Tuesday, September 14, 2021

A Most Clever Girl

Author Stephanie Marie Thornton takes readers on a thrill ride inside the calculating mind of a notorious Cold War spy (Elizabeth Bentley, code name Clever Girl) in her new book out today, A MOST CLEVER GIRL.

In the spirit of John Le Carre, Stephanie brings to life the remarkable true story of a spy who worked for both Russia and the United States in the 1940s and 50s. Bentley is often credited with starting America’s Communist Red Scare, and for naming hundreds of American Communists as traitors to the state―including Julius and Ethel Rosenberg, the infamous American couple sentenced to death for treason.

Decades after Bentley’s death, Stephanie’s A MOST CLEVER GIRL (Berkley Trade Paperback; On Sale September 14, 2021) is the first historical novel to tell her story, exposing the ruthlessness of her Russian counterparts and the intense pressures she faced at every turn, ultimately illuminating the enormous emotional and psychological toll that she paid for her work.

Some of Bentley’s male counterparts provided similar espionage and informant work and were awarded high honors for their service by the American government. But Bentley’s story has largely been pushed under the rug. The truth of her court testimonies has constantly been called into question, despite a now-declassified report that has verified her statements. Stephanie’s novel aims to shed light on Bentley’s story and polish her somewhat tarnished reputation―while still leaving readers guessing at her motives and her version of the truth.

A MOST CLEVER GIRL opens in 1963, as college student Catherine Gray arrives unannounced on the doorstep of a woman named Elizabeth Bentley, gun in hand, demanding answers about a scandalous family secret that has just been revealed. But Catherine never expects all that Elizabeth is about to expose.

Elizabeth’s narrative takes readers through her recruitment to the American Communist Party in her youth, and how her unique education and experiences allowed her to successfully spy on fascists at the outbreak of World War II. Elizabeth falls deeper into the Party when she sets off on a romance with her handler, Jacob Golos, and together, they build the largest Soviet spy network in America. But when WWII ends and the U.S. becomes embroiled in the Cold War against the U.S.S.R, all Elizabeth holds to be true is called into question and she turns to the FBI for salvation.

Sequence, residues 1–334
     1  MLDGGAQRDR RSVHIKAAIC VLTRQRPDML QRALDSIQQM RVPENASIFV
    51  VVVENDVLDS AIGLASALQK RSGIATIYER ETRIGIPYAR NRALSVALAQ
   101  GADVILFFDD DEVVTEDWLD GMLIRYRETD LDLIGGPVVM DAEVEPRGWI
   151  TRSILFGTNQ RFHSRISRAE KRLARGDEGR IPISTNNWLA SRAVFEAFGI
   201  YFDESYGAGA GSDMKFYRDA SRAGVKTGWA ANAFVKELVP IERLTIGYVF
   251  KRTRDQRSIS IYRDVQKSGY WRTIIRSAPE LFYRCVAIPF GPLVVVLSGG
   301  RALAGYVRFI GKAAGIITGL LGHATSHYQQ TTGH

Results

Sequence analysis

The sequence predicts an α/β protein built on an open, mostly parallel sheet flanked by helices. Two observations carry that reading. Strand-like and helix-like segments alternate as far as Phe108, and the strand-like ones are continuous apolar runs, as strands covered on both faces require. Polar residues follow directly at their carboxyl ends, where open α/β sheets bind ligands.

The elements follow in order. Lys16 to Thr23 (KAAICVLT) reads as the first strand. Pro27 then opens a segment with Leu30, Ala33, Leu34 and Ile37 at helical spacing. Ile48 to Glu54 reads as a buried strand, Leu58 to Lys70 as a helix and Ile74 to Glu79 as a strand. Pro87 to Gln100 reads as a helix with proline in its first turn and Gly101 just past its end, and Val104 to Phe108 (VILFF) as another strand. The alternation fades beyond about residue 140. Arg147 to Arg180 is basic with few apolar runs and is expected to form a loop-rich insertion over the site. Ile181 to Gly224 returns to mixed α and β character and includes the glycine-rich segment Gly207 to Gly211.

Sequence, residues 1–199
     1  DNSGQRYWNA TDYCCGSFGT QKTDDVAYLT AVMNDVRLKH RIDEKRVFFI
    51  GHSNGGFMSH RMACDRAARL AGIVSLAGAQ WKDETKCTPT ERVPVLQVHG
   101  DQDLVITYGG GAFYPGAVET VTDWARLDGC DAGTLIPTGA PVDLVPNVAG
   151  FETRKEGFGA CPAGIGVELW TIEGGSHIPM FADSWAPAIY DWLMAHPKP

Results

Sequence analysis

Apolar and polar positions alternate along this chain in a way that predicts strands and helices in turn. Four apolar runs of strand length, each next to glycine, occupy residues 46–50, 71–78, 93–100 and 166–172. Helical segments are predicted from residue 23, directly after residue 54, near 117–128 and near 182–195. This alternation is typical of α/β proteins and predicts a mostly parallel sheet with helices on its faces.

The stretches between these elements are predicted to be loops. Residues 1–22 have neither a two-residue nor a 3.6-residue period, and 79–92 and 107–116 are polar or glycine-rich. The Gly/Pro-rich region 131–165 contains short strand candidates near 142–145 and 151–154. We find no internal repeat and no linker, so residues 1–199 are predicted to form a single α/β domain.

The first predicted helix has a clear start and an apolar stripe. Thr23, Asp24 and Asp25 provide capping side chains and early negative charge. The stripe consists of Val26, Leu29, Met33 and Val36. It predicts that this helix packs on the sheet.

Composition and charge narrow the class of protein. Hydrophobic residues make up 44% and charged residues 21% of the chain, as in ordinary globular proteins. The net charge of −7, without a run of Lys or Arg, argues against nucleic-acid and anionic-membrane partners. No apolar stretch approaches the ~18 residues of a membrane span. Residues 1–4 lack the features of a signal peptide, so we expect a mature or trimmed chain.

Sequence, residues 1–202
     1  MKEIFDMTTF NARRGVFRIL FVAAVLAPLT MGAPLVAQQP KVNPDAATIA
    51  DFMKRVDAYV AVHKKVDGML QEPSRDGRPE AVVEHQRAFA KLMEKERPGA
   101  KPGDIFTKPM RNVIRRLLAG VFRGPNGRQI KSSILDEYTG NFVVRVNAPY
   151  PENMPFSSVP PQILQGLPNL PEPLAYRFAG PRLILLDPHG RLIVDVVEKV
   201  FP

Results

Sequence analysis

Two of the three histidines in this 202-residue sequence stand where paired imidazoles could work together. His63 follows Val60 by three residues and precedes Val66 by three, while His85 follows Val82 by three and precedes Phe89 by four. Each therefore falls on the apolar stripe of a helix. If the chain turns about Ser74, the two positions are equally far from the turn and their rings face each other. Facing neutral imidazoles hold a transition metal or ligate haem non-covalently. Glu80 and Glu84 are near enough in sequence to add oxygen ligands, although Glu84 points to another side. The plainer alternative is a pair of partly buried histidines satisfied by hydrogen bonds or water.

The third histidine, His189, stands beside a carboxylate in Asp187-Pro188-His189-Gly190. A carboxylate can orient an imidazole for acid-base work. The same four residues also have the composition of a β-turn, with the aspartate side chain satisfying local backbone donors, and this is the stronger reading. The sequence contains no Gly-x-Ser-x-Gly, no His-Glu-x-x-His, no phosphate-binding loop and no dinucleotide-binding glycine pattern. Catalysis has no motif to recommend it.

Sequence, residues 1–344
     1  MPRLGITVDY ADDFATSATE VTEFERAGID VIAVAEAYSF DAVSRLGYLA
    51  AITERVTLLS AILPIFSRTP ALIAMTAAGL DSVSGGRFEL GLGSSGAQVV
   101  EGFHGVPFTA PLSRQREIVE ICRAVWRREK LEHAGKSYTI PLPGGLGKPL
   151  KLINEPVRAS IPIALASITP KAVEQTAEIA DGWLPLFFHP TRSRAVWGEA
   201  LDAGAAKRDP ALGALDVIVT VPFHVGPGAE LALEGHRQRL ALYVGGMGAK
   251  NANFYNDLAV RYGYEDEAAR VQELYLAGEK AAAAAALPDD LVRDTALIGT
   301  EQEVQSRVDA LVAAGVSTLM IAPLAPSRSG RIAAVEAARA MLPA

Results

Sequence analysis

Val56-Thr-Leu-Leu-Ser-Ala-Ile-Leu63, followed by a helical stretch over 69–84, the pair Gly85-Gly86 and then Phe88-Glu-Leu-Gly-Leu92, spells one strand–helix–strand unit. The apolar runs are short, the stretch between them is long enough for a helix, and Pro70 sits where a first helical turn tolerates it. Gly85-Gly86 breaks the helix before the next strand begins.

Elizabeth is a skilled chameleon whose story changes depending on the circumstance, making her an effective spy but also an unreliable narrator, delivering a twisty, satisfying read. Extensively researched, Thornton’s novel explores the extraordinary life of a woman who has long been forgotten by history.

A MOST CLEVER GIRL is perfect for fans of Kate Quinn’s The Alice Network and Ericka Robuck’s The Invisible Woman.

Meet the Author: Stephanie Marie Thornton

I’m a writer and high school history teacher who has been obsessed with infamous women from history since I was twelve. My newest book, A Most Clever Girl: A Novel of an American Spy is a thrilling novel of love, loyalty, and espionage, based on the incredible true story of Elizabeth Bentley, a Cold War double agent spying for the Russians and the United States.

Prior to turning my attention to the Cold War, I wrote about two women closely connected to the White House. And They Called It Camelot: A Novel of Jacqueline Bouvier Kennedy Onassis is an intimate portrait of America’s most iconic First Lady while American Princess: A Novel of First Daughter Alice Roosevelt, tells the story of Theodore Roosevelt’s hellion of a daughter and how she became Washington’s Other Monument.

My first two novels, The Secret History: A Novel of Empress Theodora and Daughter of the Gods: A Novel of Ancient Egypt reimagine the lives of two of history’s forgotten women: Theodora of the Byzantine Empire and Pharaoh Hatshepsut.

My third and fourth books center around the women who stood behind the greatest conquerors the world has ever seen. The Tiger Queens is the story of Genghis Khan’s wife and daughters, while The Conqueror’s Wife tells of the women who both loved and hated Alexander the Great. With my love of the ancient world, I also joined the H Team to help pen a collaborative novel, Song of War: A Novel of Troy in which I put a new spin on the story of Cassandra, King Priam’s cursed seer of a daughter.

I live with my husband and daughter in Alaska, where I’m always working on my next novel.

You can find me on Twitter as @StephMThornton and I’m also on GoodreadsFacebook, and Instagram.

Thanks everyone for stopping by today. Doesn’t this sound like an intriguing bit of history that wasn’t taught when you or I were in school?


  1. How I wish that the history I had been taught at school had been like this. But no. We got dates, battles and rulers. Sigh.

  2. This sounds really interesting! I do like reading about history, and what a fascinating chapter of history it is! The story sounds well-written, too, as though it draws the reader in and that's an even bigger bonus. Thanks for sharing, Mason.

  3. Nothing like a story with an unreliable narrator.


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